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Minimizing Risk

Paul Pilon
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When I think of overwintering perennials, the one word that pops to mind is risk. Overwintering plants can be risky. Most perennials can survive the winter in the landscape, but surviving above ground in a container is a whole different story.

The root systems in containers above ground don’t receive the same insulative properties as plants in the earth receive. The roots in pots are generally exposed to colder temperatures and wider temperature fluctuations than perennials in the ground experience during dormancy. Additionally, it’s more difficult to manage moisture levels during the winter in containers, which can lead to damage to the crowns when they’re kept too wet and/or damage to the roots when they’re kept too dry.

Pictured: It’s amazing how a single protective blanket can improve survival from cold spells. The image shows an area where there was a hole in the blanket. As shown, there was 100% mortality in the area without protection, whereas 100% survival in the areas that were covered. If you have doubts about the amount of cold protection blankets actually provide, seeing is believing—blankets do work!

I’ve seen numerous occasions where a crop looked perfectly fine prior to winter, but ended up quite the opposite with lots of variability and crop losses when growing conditions returned in the spring. In many instances, I’ve observed seemingly healthy plants in the fall end up with 100% mortality in the spring. Even excellent growers experience overwintering losses from time to time.

Why take on this risk

There are several reasons perennial growers opt to take on the risks associated with overwintering:

• Bulking. Many perennials benefit from being bulked up or allowed to have a period of time for them to size up before they’re overwintered. Most perennials have short bulking periods of six to eight weeks; the main goal is to allow enough time for them to become established and to grow a well-developed root system prior to winter. A few perennials, such as helleborus and hosta, have long bulking periods and should be planted in the late spring or early summer the year before they’re to be sold.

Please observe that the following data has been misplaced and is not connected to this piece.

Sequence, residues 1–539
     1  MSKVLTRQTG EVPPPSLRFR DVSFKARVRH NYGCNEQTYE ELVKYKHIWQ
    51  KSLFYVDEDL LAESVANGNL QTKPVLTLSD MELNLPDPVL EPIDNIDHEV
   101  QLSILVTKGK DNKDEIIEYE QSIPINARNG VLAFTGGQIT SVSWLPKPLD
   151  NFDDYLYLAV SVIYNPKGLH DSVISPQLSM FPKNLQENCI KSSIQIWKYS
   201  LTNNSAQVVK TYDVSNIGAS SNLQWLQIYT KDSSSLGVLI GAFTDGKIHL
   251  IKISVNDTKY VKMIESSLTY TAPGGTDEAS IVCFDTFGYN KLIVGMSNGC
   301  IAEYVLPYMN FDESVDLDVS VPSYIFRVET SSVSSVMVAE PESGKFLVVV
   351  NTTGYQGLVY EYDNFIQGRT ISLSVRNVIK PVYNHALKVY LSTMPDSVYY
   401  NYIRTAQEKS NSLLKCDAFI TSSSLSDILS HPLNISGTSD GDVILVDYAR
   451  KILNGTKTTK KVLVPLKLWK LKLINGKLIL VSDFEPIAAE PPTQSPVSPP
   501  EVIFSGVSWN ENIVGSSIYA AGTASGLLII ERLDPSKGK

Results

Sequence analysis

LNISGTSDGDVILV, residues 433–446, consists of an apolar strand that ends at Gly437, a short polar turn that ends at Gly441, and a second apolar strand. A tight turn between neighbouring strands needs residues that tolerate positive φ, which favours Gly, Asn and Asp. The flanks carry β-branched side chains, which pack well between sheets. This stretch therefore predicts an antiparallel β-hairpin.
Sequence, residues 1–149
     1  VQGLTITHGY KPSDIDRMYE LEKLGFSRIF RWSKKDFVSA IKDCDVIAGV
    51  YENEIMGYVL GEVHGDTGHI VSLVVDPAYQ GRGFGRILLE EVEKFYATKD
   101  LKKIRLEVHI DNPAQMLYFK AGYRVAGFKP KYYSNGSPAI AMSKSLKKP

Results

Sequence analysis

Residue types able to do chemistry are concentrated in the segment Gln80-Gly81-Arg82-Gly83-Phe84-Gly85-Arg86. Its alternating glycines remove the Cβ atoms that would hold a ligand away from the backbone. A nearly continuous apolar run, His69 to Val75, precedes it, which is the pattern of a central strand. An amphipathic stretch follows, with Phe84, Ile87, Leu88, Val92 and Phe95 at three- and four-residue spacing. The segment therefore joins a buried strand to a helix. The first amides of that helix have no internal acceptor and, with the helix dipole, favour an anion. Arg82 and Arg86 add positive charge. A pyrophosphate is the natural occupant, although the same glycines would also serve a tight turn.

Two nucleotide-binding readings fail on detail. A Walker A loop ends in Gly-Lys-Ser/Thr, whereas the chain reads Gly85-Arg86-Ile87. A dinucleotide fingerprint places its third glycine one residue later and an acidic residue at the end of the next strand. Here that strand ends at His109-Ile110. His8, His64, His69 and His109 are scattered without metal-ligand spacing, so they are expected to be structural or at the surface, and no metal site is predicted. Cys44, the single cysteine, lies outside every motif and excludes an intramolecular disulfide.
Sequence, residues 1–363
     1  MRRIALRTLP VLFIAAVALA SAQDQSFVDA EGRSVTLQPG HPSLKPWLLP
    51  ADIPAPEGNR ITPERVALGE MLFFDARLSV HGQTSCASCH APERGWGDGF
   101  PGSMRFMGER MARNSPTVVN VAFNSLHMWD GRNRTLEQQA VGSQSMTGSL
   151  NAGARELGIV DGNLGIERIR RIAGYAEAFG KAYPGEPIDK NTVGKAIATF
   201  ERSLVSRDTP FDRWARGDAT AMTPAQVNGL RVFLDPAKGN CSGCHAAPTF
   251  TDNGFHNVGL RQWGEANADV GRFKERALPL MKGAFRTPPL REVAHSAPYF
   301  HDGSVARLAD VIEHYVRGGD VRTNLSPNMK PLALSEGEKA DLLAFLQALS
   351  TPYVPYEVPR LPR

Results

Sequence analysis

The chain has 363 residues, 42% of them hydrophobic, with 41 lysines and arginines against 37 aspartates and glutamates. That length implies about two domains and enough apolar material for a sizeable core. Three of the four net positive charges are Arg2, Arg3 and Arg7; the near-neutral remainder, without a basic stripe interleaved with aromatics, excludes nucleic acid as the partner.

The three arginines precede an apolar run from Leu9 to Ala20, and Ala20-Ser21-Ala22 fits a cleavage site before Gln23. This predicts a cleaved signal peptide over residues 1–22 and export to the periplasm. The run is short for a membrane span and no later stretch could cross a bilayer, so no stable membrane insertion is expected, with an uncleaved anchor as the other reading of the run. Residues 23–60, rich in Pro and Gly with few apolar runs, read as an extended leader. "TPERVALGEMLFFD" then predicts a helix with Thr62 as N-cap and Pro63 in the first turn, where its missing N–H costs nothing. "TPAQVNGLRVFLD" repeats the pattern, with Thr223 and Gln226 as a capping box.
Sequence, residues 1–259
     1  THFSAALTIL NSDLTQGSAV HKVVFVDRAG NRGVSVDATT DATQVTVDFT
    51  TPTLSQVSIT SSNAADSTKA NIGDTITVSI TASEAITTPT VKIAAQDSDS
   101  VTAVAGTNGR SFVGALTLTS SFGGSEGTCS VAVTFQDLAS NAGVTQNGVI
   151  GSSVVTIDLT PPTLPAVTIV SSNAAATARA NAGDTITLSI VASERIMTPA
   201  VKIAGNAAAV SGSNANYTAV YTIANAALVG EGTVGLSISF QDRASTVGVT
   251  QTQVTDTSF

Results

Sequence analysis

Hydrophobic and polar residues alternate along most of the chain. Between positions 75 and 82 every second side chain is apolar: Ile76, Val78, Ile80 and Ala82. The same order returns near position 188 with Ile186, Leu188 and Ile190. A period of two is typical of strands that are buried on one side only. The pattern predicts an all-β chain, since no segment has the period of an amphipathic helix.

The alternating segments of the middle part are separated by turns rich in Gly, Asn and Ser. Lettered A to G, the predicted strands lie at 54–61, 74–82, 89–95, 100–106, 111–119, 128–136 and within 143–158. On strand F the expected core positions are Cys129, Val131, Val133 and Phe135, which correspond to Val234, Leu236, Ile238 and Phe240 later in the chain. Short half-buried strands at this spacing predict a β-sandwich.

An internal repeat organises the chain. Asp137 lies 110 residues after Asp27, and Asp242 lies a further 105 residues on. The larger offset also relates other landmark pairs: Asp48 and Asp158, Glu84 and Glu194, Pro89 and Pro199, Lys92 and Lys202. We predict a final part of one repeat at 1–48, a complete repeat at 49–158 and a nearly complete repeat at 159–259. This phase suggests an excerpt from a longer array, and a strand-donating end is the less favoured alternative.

• Labor. Many growers opt to plant their perennials in the late summer or early fall to allow them to spread out their labor. It can be incredibly challenging for some growers to have enough labor to plant everything and perform all the necessary tasks around the greenhouse/nursery in the spring. Fall planting allows them to spread out the labor and allows them to focus on other important tasks in the spring.

• Plant quality. Several perennials must receive a cold treatment (vernalization) in order for them to produce flowers while vernalization is highly beneficial for flowering with other perennials. Since plants are bulked up prior to overwintering, they generally appear fuller, have more branches and produce more flowers than they would if they were planted during the same growing season they’re to be sold.

* Reduced heating. Following the cold treatment, plants that have been overwintered tend to grow faster and require less heat for them to reach a marketable stage in the spring. Many perennials can be grown cooler and/or for fewer weeks than they would need to be if they were spring-planted. 

Managing risk

To better manage and minimize the risks associated with overwintering perennials, it’s important to understand and accept that the main goal of overwintering is the survival of the root systems. This may seem like common knowledge, but most growers don’t think of overwintering plants in this manner. Focusing on the survival of the root system will greatly increase overwintering successes.

Improving root health

Several weeks or even months before winter arrives, it’s important to ensure the roots are healthy in the fall. Crops with variability and unhealthy root systems are less likely to survive than crops with healthy root systems. Since you’re overwintering the roots, take steps to ensure the plants are well-established and the roots are healthy before attempting to overwinter them. Consider evaluating the root systems of each variety to be overwintered about four to eight weeks before the beginning of the cold treatment.